Angelena Boden has written one hell of an intense novel. Albeit the settings are principally domestic, and the world of the two central characters, Iain and Una, is comfortably ‘middle class’ and professional, their home, in truth, is a crucible of psychological terror, which too often spills over into violence.
In the earlier stages, the author plays with the reader’s perceptions and expectations, as we are thrown this way then that with regard to who is at fault in this ill-starred marriage. Suffice it to say that in Una (the Irish version of this name being Oonagh, meaning ‘lamb’ – hence the title) the author has created a monster of narcissism and cruelty – seriously damaged goods, who in turn damages all those about her.
I felt at times that Iain was probably suffering some form of Stockholm syndrome, and had been so undermined by the abuse meted out to him by his wife that he began to doubt every aspect of his reality. She frequently “gaslights” him, to the point where he believes her actions to have been his.
Having somewhat looked into the issue of Narcissistic Personality Disorder, the people who may be so diagnosed, and the dreadful effects on those who come into their orbit, Angelena Boden has, to my mind, created the poster child for that particular diagnosis, in Una Carrington. Obsessed with expensive lipstick, domineering and shallow, heartless towards her children, husband, and employees alike, this character is truly terrifying, and makes “Cruelty of the Lambs” compulsive reading on that account.
If all this weren’t bad enough, Iain, a onetime music teacher, has been falsely and maliciously accused of sexual harrassment by a gang of schoolgirls. This has destroyed his career, and threatened the balance of his mind. In this weakened state he is easy prey for his borderline psychopathic wife. Iain’s faithful friend, Fergus, and his calm and wise first wife, Morag (why Iain ever left Morag for Una is really beyond me!) can see all too clearly how Iain is being destroyed, and do all they can to save him. At times, it seems as though it may be too late. When Iain’s beloved (and very expensive) cello is stolen in an apparent burglary, his life truly spirals out of control.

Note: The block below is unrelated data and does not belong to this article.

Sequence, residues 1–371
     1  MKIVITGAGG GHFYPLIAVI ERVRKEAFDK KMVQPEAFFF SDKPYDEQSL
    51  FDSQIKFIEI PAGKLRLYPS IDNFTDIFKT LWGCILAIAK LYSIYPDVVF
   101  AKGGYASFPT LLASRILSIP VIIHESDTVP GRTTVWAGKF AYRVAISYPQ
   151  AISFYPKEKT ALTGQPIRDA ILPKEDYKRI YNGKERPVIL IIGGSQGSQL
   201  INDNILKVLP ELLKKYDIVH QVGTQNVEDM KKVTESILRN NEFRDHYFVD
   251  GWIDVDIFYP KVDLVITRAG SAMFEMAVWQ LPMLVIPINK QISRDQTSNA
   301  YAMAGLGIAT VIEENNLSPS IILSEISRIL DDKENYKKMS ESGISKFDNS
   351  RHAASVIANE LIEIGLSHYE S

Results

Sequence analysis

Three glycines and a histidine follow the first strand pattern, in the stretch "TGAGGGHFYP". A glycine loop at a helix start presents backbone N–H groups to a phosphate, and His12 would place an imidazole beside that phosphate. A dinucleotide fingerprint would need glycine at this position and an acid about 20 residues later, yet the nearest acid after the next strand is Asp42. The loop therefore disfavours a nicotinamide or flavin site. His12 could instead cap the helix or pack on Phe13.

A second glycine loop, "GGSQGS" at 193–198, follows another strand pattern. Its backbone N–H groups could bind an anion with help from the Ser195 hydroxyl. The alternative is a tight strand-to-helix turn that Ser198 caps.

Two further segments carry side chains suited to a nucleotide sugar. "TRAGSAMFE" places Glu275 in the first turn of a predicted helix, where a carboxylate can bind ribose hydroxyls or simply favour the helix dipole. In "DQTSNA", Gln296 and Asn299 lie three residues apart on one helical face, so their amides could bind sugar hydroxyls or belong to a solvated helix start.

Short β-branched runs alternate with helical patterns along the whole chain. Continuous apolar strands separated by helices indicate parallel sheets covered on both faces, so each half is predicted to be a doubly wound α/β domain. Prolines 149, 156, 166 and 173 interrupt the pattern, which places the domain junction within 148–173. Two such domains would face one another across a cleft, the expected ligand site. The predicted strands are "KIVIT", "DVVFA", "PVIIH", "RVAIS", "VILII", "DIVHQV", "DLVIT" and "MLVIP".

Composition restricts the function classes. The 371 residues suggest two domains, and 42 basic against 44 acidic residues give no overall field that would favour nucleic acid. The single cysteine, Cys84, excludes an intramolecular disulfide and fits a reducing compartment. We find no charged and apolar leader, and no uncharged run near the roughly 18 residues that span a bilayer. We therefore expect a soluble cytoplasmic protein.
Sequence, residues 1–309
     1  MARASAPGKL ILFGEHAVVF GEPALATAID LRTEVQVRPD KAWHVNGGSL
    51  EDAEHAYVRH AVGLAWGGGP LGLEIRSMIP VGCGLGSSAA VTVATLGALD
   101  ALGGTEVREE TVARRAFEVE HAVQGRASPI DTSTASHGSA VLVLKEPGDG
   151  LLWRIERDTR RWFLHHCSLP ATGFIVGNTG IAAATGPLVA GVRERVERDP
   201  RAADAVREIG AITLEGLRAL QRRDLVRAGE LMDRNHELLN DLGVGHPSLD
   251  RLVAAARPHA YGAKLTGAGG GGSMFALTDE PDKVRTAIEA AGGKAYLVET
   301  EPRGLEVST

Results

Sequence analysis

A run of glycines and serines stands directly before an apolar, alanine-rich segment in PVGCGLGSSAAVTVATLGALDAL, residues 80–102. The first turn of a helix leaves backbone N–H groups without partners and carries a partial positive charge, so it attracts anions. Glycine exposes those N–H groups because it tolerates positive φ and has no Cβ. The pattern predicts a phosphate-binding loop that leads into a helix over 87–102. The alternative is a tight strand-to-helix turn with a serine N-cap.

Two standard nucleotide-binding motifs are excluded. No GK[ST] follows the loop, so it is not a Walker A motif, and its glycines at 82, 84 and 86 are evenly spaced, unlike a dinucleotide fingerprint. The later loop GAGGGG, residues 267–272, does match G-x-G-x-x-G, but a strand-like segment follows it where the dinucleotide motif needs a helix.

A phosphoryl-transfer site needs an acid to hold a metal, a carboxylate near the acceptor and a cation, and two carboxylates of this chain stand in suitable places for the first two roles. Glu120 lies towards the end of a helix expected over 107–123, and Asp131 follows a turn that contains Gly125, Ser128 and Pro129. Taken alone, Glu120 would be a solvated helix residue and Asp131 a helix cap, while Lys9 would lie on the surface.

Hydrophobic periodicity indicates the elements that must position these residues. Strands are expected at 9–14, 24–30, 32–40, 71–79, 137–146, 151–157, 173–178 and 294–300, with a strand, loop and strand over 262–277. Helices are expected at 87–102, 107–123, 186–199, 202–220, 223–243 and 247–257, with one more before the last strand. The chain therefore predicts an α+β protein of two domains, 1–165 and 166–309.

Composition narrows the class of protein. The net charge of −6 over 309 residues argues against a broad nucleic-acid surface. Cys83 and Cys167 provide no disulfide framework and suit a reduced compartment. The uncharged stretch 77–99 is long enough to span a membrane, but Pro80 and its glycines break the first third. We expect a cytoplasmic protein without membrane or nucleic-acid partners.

“The Cruelty of Lambs” is exceedingly well written, the prose being both stylish and witty. It also offers a deep understanding of human psychology, and exemplifies starkly how one person may be utterly ground down by another. The reader is tantalised and thrown into confusion at times as to who the ‘bad’ person is in the marriage – this is very artfully done. It is almost as if on reading this novel we, too, have to fight against Una’s uncanny ability to coerce, control, and destabilise; we also become her victim for a time. In short, this story gets under your skin; it disturbs and alarms; it is repellent in places, as depiction of such abuse, both mental and physical, really ought to be.
Una’s background is sketched in, including some possible notions of this being partly inherited behaviour from her own mother, as indeed Una’s and Iain’s daughter, Johanna, is beginning to demonstrate similar traits – and one must hope it is not too late for her to outgrow these.
The theme of music, the healing power thereof, is an important strand in this novel, and is both believable in this context, and adds necessary texture, and necessary beauty amid the emotional carnage.
Angelena Boden has created a cast of characters that are memorable and intricate. The author is also very good at description – cityscapes, domestic interiors, bars, Spanish hotels, you name it – all is achieved with economy and specificity.
I found this a very impressive first novel, both from a writing point of view, and as an interrogation into the psychology of both abuser and abused.